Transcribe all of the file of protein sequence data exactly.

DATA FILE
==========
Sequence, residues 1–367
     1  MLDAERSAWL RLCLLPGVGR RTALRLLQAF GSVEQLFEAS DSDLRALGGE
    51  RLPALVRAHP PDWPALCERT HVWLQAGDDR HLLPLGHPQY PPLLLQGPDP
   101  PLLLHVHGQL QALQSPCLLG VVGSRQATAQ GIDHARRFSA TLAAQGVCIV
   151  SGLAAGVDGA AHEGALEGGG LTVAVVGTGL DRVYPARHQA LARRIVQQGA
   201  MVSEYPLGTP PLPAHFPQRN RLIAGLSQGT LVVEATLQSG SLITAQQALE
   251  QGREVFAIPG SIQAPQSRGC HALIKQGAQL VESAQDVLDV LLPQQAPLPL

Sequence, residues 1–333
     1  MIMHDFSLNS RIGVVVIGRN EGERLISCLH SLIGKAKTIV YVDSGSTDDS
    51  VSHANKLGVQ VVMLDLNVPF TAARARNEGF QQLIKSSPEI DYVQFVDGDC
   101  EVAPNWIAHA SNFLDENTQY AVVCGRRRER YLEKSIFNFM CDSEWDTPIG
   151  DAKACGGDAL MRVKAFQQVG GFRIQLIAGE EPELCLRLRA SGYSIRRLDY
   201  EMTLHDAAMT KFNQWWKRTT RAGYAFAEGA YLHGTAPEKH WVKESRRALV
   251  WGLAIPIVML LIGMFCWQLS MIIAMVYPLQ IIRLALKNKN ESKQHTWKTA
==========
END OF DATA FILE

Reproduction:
Sequence, residues 1–367
     1  MLDAERSAWL RLCLLPGVGR RTALRLLQAF GSVEQLFEAS DSDLRALGGE
    51  RLPALVRAHP PDWPALCERT HVWLQAGDDR HLLPLGHPQY PPLLLQGPDP
   101  PLLLHVHGQL QALQSPCLLG VVGSRQATAQ GIDHARRFSA TLAAQGVCIV
   151  SGLAAGVDGA AHEGALEGGG LTVAVVGTGL DRVYPARHQA LARRIVQQGA
   201  MVSEYPLGTP PLPAHFPQRN RLIAGLSQGT LVVEATLQSG SLITAQQALE
   251  QGREVFAIPG SIQAPQSRGC HALIKQGAQL VESAQDVLDV LLPQQAPLPL

Sequence, residues 1–333
     1  MIMHDFSLNS RIGVVVIGRN EGERLISCLH SLIGKAKTIV YVDSGSTDDS
    51  VSHANKLGVQ VVMLDLNVPF TAARARNEGF QQLIKSSPEI DYVQFVDGDC
   101  EVAPNWIAHA SNFLDENTQY AVVCGRRRER YLEKSIFNFM CDSEWDTPIG
   151  DAKACGGDAL MRVKAFQQVG GFRIQLIAGE EPELCLRLRA SGYSIRRLDY
   201  EMTLHDAAMT KFNQWWKRTT RAGYAFAEGA YLHGTAPEKH WVKESRRALV
   251  WGLAIPIVML LIGMFCWQLS MIIAMVYPLQ IIRLALKNKN ESKQHTWKTA